Advanced applications of the finite element method use hybrid meshes of differently shaped elements that need transition cells between quadrilateral and triangular faced elements. The greatest ease of construction is obtained when, in addition to triangular prisms, one uses also pyramids with a quadrilateral base, as these are the transition elements with the fewest possible faces and edges. A distinctive geometric feature of the pyramid is that its vertex is the point in common with four of its faces, while the other canonical elements have vertices in common with three edges and three faces, and that is why pyramids’ vector bases have hitherto been obtained with complex procedures. Here we present a much simpler and more straightforward procedure by shifting to a new paradigm that requires mapping the pyramidal cell into a cube and then directly enforcing the conformity of the vector bases with those used on adjacent differently shaped cells (tetrahedra, hexahedra and triangular prisms). The hierarchical curl-conforming vector bases derived here have simple and easy to implement mathematical expressions, including those of their curls. Bases completeness is demonstrated for the first time, and results confirming avoidance of spurious modes and faster convergence are also reported.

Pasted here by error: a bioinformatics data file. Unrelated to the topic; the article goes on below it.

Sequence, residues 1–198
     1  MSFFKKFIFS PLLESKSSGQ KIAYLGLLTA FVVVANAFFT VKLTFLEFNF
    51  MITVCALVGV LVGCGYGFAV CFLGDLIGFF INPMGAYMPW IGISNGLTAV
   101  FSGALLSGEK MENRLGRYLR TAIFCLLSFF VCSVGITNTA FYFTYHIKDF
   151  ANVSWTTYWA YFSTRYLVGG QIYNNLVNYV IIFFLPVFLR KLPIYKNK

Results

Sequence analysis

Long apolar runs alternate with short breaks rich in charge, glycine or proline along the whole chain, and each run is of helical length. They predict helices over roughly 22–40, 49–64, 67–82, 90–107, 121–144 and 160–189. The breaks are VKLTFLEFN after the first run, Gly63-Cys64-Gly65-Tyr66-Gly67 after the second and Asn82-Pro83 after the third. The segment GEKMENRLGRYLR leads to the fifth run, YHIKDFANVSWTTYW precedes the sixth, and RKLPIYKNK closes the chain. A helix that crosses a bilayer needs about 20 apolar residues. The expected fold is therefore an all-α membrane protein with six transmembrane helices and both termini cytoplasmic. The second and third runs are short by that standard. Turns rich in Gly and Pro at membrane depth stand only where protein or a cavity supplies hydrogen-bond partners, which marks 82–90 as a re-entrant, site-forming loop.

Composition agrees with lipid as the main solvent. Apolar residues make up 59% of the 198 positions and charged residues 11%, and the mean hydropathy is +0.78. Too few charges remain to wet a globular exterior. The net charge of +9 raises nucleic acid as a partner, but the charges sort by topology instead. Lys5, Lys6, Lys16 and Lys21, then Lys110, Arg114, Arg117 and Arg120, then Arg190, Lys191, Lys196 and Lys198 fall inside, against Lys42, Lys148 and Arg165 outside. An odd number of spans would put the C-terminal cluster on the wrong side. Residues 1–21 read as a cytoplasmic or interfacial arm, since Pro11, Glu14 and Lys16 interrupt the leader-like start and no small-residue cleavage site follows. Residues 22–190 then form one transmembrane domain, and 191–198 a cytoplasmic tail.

Hierarchical Curl-Conforming Vector Bases for Pyramid Cells / Graglia, Roberto D.; Petrini, Paolo. - In: IEEE TRANSACTIONS ON ANTENNAS AND PROPAGATION. - ISSN 0018-926X. - 70:7(2022), pp. 5623-5635. [10.1109/TAP.2022.3145430]

Hierarchical Curl-Conforming Vector Bases for Pyramid Cells

Abstract

Advanced applications of the finite element method use hybrid meshes of differently shaped elements that need transition cells between quadrilateral and triangular faced elements. The greatest ease of construction is obtained when, in addition to triangular prisms, one uses also pyramids with a quadrilateral base, as these are the transition elements with the fewest possible faces and edges. A distinctive geometric feature of the pyramid is that its vertex is the point in common with four of its faces, while the other canonical elements have vertices in common with three edges and three faces, and that is why pyramids’ vector bases have hitherto been obtained with complex procedures. Here we present a much simpler and more straightforward procedure by shifting to a new paradigm that requires mapping the pyramidal cell into a cube and then directly enforcing the conformity of the vector bases with those used on adjacent differently shaped cells (tetrahedra, hexahedra and triangular prisms). The hierarchical curl-conforming vector bases derived here have simple and easy to implement mathematical expressions, including those of their curls. Bases completeness is demonstrated for the first time, and results confirming avoidance of spurious modes and faster convergence are also reported.
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2022
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Utilizza questo identificativo per citare o creare un link a questo documento: `https://hdl.handle.net/11583/2970466`